To honor the 49th anniversary of his father’s death in the Vietnam War, “D” Shannon wanted to place a letter at the Vietnam Veterans Memorial in Washington D.C. Unable to travel there himself, Shannon began making calls but discovered how difficult it can be to navigate the many layers of bureaucracy.
So, on a whim, the Kalispell resident called Republican Congressman Steve Daines’ office. Shannon was thinking a Daines staffer might be able to run the letter over to the memorial on lunch break. Maybe it would be a good chore for an intern.
“I thought it was going be the guy who makes the copies in the office and I was grateful for that,” Shannon said. “But Steve said, ‘No, I want to do this.’ It was very heartwarming for me. I was blown away by his commitment to do it.”
On March 15, exactly 49 years after U.S. Army 1st Lt. Kenneth Shannon was killed in action, Daines participated in a color guard ceremony on the National Mall to honor the late Shannon, who was the 122nd American killed in the Vietnam War. He served in the 114th Aviation Company.
Daines’ office said Erik Oehrtman, a Kalispell native and family friend of the Shannons, planned the ceremony.
“I am humbled that the Shannon family allowed me to participate in this ceremony and to honor Lieutenant Shannon’s sacrifice,” Daines, noting he’s the son of a Marine, said in a statement. “Montana has a strong heritage of military service, which is exemplified by the generations of service found within the Shannon family.”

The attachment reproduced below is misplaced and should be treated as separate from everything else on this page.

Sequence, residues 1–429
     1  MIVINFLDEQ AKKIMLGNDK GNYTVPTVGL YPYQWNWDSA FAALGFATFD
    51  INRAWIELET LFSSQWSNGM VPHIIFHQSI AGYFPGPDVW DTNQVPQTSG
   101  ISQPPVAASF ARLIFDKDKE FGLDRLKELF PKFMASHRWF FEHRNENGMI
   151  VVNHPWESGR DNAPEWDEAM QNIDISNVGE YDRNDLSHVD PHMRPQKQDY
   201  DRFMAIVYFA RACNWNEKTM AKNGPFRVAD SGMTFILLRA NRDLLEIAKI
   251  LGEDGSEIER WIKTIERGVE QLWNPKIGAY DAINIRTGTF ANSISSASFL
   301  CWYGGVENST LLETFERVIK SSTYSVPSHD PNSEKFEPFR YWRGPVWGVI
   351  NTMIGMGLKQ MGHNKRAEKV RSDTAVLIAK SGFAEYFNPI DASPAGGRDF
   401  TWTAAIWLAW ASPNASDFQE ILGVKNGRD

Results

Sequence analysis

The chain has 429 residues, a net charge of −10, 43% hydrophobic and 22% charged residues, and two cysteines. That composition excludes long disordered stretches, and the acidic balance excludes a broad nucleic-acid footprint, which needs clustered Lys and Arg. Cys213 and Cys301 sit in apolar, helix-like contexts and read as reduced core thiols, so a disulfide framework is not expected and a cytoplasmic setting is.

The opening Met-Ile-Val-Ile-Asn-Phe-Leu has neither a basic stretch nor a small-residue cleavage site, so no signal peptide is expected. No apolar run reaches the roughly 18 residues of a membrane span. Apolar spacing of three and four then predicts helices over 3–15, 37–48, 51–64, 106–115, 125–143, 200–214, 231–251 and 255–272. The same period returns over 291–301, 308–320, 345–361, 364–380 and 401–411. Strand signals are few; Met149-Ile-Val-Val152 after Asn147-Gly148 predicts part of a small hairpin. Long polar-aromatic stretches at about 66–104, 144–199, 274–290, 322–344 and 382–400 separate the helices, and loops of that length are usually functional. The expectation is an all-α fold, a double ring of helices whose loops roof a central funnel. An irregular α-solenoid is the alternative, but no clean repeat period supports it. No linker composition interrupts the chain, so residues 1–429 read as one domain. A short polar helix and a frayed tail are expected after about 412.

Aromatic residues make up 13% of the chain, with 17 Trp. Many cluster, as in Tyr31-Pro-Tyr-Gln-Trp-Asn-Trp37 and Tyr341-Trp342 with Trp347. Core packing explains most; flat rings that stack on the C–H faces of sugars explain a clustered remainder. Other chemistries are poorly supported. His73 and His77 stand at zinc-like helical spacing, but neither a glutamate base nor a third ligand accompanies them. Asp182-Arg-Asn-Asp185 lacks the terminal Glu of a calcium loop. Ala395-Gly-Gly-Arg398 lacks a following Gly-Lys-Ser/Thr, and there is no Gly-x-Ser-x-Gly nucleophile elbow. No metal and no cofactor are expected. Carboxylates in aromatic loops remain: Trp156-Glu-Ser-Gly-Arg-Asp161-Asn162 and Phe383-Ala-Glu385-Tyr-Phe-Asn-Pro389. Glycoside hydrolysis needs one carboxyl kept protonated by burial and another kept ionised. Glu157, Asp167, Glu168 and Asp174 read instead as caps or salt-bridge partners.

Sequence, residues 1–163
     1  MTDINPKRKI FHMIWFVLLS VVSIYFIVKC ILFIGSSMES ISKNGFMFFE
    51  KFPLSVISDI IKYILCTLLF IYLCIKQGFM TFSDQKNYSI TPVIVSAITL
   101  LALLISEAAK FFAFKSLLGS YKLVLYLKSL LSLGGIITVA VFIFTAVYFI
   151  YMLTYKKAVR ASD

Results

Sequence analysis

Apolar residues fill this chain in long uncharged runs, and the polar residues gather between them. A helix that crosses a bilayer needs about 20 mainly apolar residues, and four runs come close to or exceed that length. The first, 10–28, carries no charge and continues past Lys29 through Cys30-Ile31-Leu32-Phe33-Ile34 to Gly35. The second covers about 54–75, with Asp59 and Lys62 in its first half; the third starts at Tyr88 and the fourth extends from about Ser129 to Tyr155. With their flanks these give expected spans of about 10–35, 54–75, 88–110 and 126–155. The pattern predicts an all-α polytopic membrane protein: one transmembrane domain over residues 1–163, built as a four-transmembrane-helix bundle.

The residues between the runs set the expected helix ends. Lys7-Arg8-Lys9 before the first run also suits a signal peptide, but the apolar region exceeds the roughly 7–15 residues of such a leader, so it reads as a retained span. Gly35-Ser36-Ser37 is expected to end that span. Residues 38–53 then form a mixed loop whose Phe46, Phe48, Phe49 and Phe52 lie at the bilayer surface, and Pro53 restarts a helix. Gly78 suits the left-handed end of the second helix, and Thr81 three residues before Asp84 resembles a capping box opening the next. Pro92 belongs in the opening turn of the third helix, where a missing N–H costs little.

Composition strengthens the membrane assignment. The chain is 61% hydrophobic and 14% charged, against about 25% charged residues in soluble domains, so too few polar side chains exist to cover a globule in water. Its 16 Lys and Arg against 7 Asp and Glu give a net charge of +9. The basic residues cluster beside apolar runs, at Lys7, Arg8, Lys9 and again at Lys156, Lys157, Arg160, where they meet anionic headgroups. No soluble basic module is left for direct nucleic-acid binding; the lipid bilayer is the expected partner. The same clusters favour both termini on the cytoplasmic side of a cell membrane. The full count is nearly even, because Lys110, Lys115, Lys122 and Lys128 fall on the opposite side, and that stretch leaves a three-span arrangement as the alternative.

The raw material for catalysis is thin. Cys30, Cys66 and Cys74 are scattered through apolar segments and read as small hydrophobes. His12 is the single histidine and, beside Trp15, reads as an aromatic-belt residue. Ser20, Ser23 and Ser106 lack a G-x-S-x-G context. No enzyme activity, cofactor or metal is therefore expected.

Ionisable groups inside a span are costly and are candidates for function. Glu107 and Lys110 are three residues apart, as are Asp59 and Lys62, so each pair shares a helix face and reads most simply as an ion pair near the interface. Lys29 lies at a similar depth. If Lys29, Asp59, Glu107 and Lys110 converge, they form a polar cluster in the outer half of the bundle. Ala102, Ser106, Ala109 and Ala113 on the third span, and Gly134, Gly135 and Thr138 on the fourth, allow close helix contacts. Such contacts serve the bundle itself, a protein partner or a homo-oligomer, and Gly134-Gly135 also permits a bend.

As part of the ceremony, Daines followed up on his promise and placed the younger Shannon’s letter, along with a flag, in front of the memorial bearing Kenneth’s name. And on that very same day, an even younger Shannon – D’s son and Kenneth’s grandson – officially began his service with the U.S. Marine Corps.
The fact that those two momentous moments occurred on the same day five decades apart gave the letter’s March 15 placement a great deal of personal meaning for D.
“It was very emotional,” he said. “I’m deeply grateful.”
Shannon said he’s proud to see his son and thousands of other young Americans stepping up to the challenge of serving their country.
“In today’s culture, there are still young men and women saying, ‘I want to go serve,’” he said. “That amazes me. I’m thrilled that there are young people willing to make those sacrifices.”
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